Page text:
How often do you eat out or order restaurant food in? Long work hours, two-wage-earner families with too little time, and people constantly on the go have helped make eating away from home far more common than it was twenty years ago.

Restaurant and fast food are notoriously high in fat and sodium, and low in nutrients. So relying on away from home (AFH) meals or fast food, rather than cooking yourself, can be hazardous to your health.

In fact, you can pretty much predict a person's cholesterol levels if you know how often they eat out, according to a new report. People who ate six or more away from home meals per week had a higher body mass index (BMI) and lower high-density lipoprotein (HDL or “good”) cholesterol, a molecule that helps clear excess cholesterol from the blood, than those who ate out less often.

The mean BMI of those who ate out more often was higher. People who ate more fast food also had lower levels of HDL (good) cholesterol.

Frequent AFH diners also had lower levels of nutrients sourced mostly from plants circulating in their blood.

Most Americans do not eat a diet that adheres to the recommended dietary guidelines. And the increasing frequency with which Americans eat out will not bring them any more in line with these recommendations.

As long as Americans continue to eat out frequently, what is needed are “smaller portion sizes and expansion of options for whole grains, vegetables, and fruits as part of AFH meals,” the researchers said.

Ashima Kant, of the department of family, nutrition and exercise sciences at Queens College in New York City, led a team that evaluated data from 8,314 people 20 years old or older who responded to the National Health and Nutrition Examination Surveys between 2005 and 2010. Participants had filled out a questionnaire about how frequently they ate in restaurants (the away from home meals) and fast food outlets.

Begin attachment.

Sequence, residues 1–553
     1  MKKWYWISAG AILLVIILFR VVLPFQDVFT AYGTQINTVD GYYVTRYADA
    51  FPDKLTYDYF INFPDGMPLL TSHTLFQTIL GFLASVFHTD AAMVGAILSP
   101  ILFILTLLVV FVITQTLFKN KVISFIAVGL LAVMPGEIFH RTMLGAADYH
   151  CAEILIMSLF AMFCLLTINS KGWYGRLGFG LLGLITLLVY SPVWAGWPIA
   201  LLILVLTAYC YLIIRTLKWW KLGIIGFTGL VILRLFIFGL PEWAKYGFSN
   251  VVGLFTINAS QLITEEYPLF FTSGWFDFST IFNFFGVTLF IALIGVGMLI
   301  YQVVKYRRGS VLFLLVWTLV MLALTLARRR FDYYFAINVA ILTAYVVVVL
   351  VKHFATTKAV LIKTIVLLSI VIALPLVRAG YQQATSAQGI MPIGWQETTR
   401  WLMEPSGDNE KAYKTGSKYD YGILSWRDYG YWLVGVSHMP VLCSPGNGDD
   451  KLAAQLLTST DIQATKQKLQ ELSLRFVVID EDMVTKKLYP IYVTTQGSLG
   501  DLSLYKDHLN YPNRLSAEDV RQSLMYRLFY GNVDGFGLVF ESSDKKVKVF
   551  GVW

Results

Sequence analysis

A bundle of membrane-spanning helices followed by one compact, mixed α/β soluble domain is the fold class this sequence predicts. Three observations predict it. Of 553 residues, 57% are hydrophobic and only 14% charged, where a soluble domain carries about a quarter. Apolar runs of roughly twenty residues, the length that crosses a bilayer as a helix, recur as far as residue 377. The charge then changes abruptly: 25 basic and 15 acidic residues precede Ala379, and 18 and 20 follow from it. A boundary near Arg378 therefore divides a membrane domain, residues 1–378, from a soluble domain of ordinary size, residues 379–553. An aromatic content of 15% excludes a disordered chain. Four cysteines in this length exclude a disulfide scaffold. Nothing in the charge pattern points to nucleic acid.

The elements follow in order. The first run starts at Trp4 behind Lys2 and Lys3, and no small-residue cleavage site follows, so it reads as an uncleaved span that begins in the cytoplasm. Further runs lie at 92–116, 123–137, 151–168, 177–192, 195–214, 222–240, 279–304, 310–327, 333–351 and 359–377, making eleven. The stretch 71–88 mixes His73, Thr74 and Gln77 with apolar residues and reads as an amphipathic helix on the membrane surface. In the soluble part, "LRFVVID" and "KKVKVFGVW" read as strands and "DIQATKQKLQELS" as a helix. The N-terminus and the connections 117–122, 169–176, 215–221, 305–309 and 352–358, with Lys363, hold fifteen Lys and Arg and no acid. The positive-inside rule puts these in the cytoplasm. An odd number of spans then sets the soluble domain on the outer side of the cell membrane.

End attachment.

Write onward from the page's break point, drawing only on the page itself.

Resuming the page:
The investigators looked at indicators of metabolic health such as BMI, serum cholesterol (HDL, LDL, and total), and triglycerides. They also reviewed indicators of exposure through diet to certain vitamins such as A, D, E, C, B-6, B-12, and folate.

Grab N’ Go
The scientists found that American adults ate an average of four AFH meals and two fast food meals per week. More than half of adults said they ate three or more AFH meals and more than 35 percent reported they ate two or more fast food meals per week.

The mean BMI of those who ate out more often was higher. Those who did so frequently also had lower serum levels of total, LDL, and HDL cholesterol. People who ate more fast food also had lower levels of HDL cholesterol. Serum levels of vitamins except, vitamin C, and lycopene were also lower in this group.

Those who do eat out, particularly women and those over 50, should order healthier foods like vegetables, fruits, and whole grains from the menu, the authors said in their report.

The new report comes on the heels of a study done by researchers at Johns Hopkins Bloomberg School of Public Health that found menu items introduced by popular fast food chains such as Wendy’s in 2013 had 12 percent fewer calories than those introduced in 2012.

The current report is published in the International Journal of Obesity.